SITLA ignores property rights, tells Saratoga Springs how to plan a city
The School and Institutional Trust Lands Administration (SITLA) and Farmland Reserve, Inc. (FRI) left Saratoga Springs city leaders and staff puzzled and dumbfounded with suggestions that the city change its transportation master plan during a session last Tuesday.
Together SITLA and FRI commissioned an October 2015 report titled “Northwest Utah County Study: Socio-Economic Growth & Transportation Analysis” with consultants Robert Charles Lesser and Company, LLC (RCLCO), and Fehr and Peers and Landmark Design.
“So we did an original study. We told our consultants to ignore our property — don’t think about Farmland Reserves’ property, don’t think about SITLA’s property. Do what’s best for the community,” said Troy Herold, who works in SITLA’s planning and development office.
SITLA’s purpose is to manage and generate revenue from its more than 3 million acres of land for Utah schools. FRI is an investment arm of The Church of Jesus Christ of Latter-day Saints and owns hundreds of acres in farmland in Saratoga Springs.
“SITLA and FRI, we talked as large landowners, stakeholders in the community; that we saw a need to look at the studies that were done, Mountainland Associations of Governments, of course, and see if that still made sense,” Herold said.
The FRI representative refused comment. RCLCO’s Taylor Mammen was the consultant who gave a large part of the nearly hour-long presentation.
SITLA has plans for development at Mid Valley in Eagle Mountain and Hidden Valley in the Saratoga Springs area. Saratoga Springs has a master plan map that has a transportation corridor cutting through its Hidden Valley, a road that SITLA doesn’t want.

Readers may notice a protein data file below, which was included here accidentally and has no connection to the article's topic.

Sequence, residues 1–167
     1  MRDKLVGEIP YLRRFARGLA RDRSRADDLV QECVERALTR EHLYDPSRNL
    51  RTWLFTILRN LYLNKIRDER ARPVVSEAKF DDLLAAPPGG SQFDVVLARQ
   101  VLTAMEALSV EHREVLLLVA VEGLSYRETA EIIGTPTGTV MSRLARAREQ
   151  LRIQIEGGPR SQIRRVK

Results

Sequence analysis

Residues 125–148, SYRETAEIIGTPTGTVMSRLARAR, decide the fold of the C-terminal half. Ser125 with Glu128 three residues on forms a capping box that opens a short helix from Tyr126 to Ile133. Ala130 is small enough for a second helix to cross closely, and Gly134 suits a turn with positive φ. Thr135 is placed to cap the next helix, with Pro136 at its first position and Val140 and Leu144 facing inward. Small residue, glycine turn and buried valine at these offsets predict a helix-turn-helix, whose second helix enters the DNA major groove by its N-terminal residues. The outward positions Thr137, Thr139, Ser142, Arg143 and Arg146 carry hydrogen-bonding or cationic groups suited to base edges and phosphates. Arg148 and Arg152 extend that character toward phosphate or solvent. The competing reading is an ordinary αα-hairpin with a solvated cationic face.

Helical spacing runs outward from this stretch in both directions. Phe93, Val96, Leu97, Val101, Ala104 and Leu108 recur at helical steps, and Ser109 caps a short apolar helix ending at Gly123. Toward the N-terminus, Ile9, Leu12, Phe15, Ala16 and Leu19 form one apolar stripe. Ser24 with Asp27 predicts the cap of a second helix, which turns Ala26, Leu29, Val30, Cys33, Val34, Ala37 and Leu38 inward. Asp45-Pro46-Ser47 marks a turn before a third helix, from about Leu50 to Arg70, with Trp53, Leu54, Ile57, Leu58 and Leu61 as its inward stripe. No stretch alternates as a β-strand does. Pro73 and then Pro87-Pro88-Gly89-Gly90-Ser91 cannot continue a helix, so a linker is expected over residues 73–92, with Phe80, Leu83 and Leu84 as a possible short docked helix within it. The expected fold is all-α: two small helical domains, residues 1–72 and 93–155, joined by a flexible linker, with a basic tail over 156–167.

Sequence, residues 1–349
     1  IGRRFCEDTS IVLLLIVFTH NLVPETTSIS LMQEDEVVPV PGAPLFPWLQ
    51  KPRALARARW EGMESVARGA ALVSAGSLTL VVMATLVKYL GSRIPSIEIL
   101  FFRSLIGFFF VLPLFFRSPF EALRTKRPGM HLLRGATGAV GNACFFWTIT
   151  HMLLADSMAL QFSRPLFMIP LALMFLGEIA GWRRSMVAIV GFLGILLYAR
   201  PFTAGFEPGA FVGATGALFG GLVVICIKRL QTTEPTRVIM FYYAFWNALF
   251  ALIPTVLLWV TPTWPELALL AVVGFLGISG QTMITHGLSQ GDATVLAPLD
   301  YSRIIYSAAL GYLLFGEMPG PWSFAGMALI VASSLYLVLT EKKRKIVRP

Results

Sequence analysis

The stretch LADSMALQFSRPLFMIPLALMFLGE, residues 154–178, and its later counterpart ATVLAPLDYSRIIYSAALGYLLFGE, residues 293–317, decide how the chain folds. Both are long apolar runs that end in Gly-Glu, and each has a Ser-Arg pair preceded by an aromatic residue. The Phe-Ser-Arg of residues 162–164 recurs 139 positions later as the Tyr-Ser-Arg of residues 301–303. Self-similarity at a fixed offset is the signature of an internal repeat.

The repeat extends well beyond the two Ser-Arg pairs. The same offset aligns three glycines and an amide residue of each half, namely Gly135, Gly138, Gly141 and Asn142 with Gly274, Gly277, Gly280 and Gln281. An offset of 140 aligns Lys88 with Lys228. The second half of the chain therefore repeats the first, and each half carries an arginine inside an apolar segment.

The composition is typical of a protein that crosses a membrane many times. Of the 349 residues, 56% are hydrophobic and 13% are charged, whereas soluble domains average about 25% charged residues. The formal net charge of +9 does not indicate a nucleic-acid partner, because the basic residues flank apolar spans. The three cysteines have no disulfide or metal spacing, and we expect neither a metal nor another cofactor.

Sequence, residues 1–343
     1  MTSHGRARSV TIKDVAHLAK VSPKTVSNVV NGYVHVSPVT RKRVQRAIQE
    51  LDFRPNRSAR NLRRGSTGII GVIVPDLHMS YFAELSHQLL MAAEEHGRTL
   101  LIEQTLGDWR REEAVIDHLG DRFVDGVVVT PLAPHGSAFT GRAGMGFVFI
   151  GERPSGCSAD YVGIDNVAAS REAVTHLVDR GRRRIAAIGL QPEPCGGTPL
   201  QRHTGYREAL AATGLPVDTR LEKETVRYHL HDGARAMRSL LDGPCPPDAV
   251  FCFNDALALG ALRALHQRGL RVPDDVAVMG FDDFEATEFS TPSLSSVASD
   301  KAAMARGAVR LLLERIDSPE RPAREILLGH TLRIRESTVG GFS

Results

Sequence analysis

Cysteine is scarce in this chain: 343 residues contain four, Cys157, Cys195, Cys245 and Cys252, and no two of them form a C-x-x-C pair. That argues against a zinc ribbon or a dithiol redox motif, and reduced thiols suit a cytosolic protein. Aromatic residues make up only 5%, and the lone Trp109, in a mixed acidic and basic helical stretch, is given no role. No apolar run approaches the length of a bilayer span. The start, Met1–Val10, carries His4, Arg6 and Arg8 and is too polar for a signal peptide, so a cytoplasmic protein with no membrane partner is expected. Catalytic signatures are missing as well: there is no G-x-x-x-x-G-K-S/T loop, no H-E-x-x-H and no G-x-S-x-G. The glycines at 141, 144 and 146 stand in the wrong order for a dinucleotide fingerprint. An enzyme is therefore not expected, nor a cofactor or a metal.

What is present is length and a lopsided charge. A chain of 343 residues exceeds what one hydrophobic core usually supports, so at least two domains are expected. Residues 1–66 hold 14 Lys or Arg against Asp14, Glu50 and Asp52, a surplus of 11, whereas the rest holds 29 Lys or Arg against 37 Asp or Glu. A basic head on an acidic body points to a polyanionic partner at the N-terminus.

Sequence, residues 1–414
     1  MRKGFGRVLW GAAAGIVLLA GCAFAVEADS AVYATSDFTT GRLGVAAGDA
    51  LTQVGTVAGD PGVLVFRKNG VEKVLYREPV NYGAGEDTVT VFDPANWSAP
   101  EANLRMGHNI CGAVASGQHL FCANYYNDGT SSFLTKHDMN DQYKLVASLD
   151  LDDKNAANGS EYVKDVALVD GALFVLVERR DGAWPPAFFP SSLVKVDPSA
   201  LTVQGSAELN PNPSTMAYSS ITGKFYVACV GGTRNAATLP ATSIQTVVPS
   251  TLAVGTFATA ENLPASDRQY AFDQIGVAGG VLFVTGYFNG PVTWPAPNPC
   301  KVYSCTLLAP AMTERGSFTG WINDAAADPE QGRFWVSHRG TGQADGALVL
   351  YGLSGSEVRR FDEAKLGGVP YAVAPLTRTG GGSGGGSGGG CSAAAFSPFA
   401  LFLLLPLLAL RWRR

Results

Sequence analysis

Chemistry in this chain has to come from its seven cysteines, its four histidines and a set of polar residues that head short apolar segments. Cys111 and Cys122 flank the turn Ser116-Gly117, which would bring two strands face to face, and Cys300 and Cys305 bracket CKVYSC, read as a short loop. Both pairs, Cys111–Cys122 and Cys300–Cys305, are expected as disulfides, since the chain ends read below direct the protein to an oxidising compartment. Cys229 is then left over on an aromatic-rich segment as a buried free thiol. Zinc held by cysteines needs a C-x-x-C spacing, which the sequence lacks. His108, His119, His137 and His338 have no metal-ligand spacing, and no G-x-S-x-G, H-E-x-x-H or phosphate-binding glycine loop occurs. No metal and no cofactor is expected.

The study by SITLA and FRI also was critical of Mountainland Association of Governments (MAG) and also of the Governor’s Office of Management and Budget.
“They are completely ignoring land use and what property owners have the right to do,” Saratoga Springs City Councilwoman Shellie Baertsch said.
Baertsch said some of their other recommendations were not realistic, such as when the study results were presented that the city needed to change where current transportation corridors are planned and add others.
“Why should we quite frankly have to provide the corridors for you,” Baertsch said. “Forgive me for being rude, but for me, I just don’t get where this is helping.”
The consultant told the group that MAG had not looked sufficiently at the numbers and the Fehr and Peers study was more accurate.
“The analysis was completed to support sound regional planning for the area and understand the implications of a ‘market driven’ growth scenario,” reads the report’s executive summary.
“This scenario anticipates higher population but lower employment growth than currently projected by the Governor’s Office of Management and Budget (GOMB) and Mountainland Association of Governments (MAG),” the report continues.
“So you are essentially saying we will become the bedroom community of Eagle Mountain,” Saratoga Springs City Councilman Michael McOmber said.
And that’s something that will never happen.
Since the inception of Saratoga Springs as a municipality, its leaders have participated in MAG and has spent thousands of hours studying and planning for its city, coordinating with neighboring cities and the organization.
“We are working well as a group together,” said Baertsch, who has participated in MAG since 2008.